Less than two weeks ago, Montgomery County took back our shelter. When the new management, employees, and volunteers walked in on the morning of November 7th, my sources tell me that they found a truly disgusting mess waiting for them. The place was filthy. Many of the animals were sick. Records were a shambles. Supplies and equipment were nowhere to be found; much of what could be found was unusable. And the animal population was desperately overcrowded.
The MCAS team went to work. Adoption specials and aggressive social media campaigns moved hundreds of animals into new homes, which helped alleviate some of the overcrowding. Kennels were scrubbed and sanitized – no small task. Volunteers and members of the community showed up with donations. Overnight, the whole atmosphere changed from gloom, resentment, and fear to optimism and determination.
It takes a lot of optimism and determination to run a shelter that takes in over 20,000 animals per year.
There are some in our community who inexplicably believed that the outgoing management was wonderful, and others who are disgruntled because they don’t agree with the specific changes that are being made.
Two things must be acknowledged. First, no change will ever make everyone happy. Second, change of this magnitude takes some time and a lot of work. That said, I want to take the opportunity to celebrate the positive changes in progress.
Yes, it’s true that the county rehired a number of former employees, along with new people and some who had worked there under the outgoing management. We are very lucky that so many knowledgeable people wanted to help rebuild MCAS. One interesting twist in this personnel shift has been the strategic redefining of job descriptions to allow these folks to focus on doing what they’re best at. So while visitors and volunteers may see familiar faces, they are probably doing jobs that are at least somewhat different in scope from their previous incarnations.
My understanding is that the commissioners will be doing a nationwide search for a permanent shelter director. I would also expect some other positions to be added or to change description as the “new MCAS” takes shape.
(Want to know what I would like to see in a new shelter director’s resume? Check out my blog from June 24th: http://shannonlhill.com/animal-welfare/shelter-help-wanted/)
First, the new management team, employees, and volunteers have cleaned and scrubbed and sanitized every surface in the building. The puppy crib has returned to the front office – once deemed a “no animals allowed” space. It took less than two days for the shelter to feel warm and welcoming again.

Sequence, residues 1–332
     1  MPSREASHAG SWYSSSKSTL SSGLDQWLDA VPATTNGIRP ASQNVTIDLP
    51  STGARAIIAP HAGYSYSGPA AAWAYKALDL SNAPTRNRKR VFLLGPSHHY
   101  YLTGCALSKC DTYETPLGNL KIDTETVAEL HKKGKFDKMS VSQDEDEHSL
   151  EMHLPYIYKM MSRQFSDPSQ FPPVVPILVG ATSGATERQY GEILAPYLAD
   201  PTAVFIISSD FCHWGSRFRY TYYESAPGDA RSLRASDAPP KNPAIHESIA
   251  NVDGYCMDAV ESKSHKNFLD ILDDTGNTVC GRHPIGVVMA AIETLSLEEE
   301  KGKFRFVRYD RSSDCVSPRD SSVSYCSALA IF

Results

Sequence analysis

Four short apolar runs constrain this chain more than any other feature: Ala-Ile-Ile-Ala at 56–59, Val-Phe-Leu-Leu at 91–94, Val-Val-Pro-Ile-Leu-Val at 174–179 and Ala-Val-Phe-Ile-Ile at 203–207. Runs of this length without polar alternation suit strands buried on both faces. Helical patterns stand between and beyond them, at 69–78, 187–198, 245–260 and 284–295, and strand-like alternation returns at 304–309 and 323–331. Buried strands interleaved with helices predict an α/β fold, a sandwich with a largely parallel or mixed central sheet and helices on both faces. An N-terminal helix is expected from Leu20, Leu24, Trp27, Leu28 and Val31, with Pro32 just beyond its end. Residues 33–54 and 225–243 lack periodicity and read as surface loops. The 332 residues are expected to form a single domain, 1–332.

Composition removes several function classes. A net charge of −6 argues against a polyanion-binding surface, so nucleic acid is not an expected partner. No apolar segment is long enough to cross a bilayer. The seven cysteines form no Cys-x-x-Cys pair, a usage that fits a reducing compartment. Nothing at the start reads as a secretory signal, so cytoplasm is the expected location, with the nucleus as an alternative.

Second, employees have been taking inventory of all the broken and missing equipment. There were so many equipment problems found when the new team arrived that the shelter veterinarians have been temporarily unable to perform surgeries. For example, the refrigerators used to store vaccines and medications were not working. Employees put out the call, and the community responded. I saw multiple offers to donate refrigerators within hours of the post stating the need.
The commissioners have also acknowledged that the shelter desperately needs improved ventilation and HVAC. Per the commissioners, this work will be done over the course of the winter. The idea is that the cooler weather will allow the county to do the work without putting the animals and employees at risk from heat, which would certainly be the case during most of the year. Since the county is once again responsible for grounds keeping and facilities maintenance, the commissioners have also authorized the ordering of oak trees to help shade the shelter’s dog park.
I have been told by employees and volunteers alike that people were brought to tears by the sheer awfulness of the conditions they found in the first couple of days. And what did they do? They went to work to fix it. I have seen people brainstorming ways to help, rearranging their schedules, bringing home fosters, volunteering their time to clean or bottle feed or do laundry, and offering to donate everything from canned food to clipboards to refrigerators. Pictures have surfaced of volunteers and employees walking around with orphaned puppies snuggled inside their shirts to keep them warm, and pictures of animals in need of immediate foster are once again circulating.
Meanwhile, the first attacks on the new management hit the internet within just a couple of days of the changeover. The unifying theme seems to be that the new management hasn’t made any “real” changes. Apparently these critics expected the new management to waltz in with a magic wand and poof away disease, overcrowding, and all the other inherited problems in the blink of an eye.
Let’s talk reality here: progress is a process.
So what has been accomplished in less than two weeks?
The layers of filth have been scrubbed away.
Sick animals are being treated as best as they can be with what’s on hand.
Equipment and supplies are being ordered and will arrive soon. Some items have been donated and are already in place.
New procedures and education to prevent the spread of any illnesses are being implemented.
Animals will even be titer tested, a lifesaving “luxury” that is practically unheard of in shelter medicine.
Networking has been restored.
Goodwill and teamwork are re-emerging in the community.
It’s not perfect yet. But it’s a fantastic beginning. And with this kind of momentum, I can’t wait to see what happens next.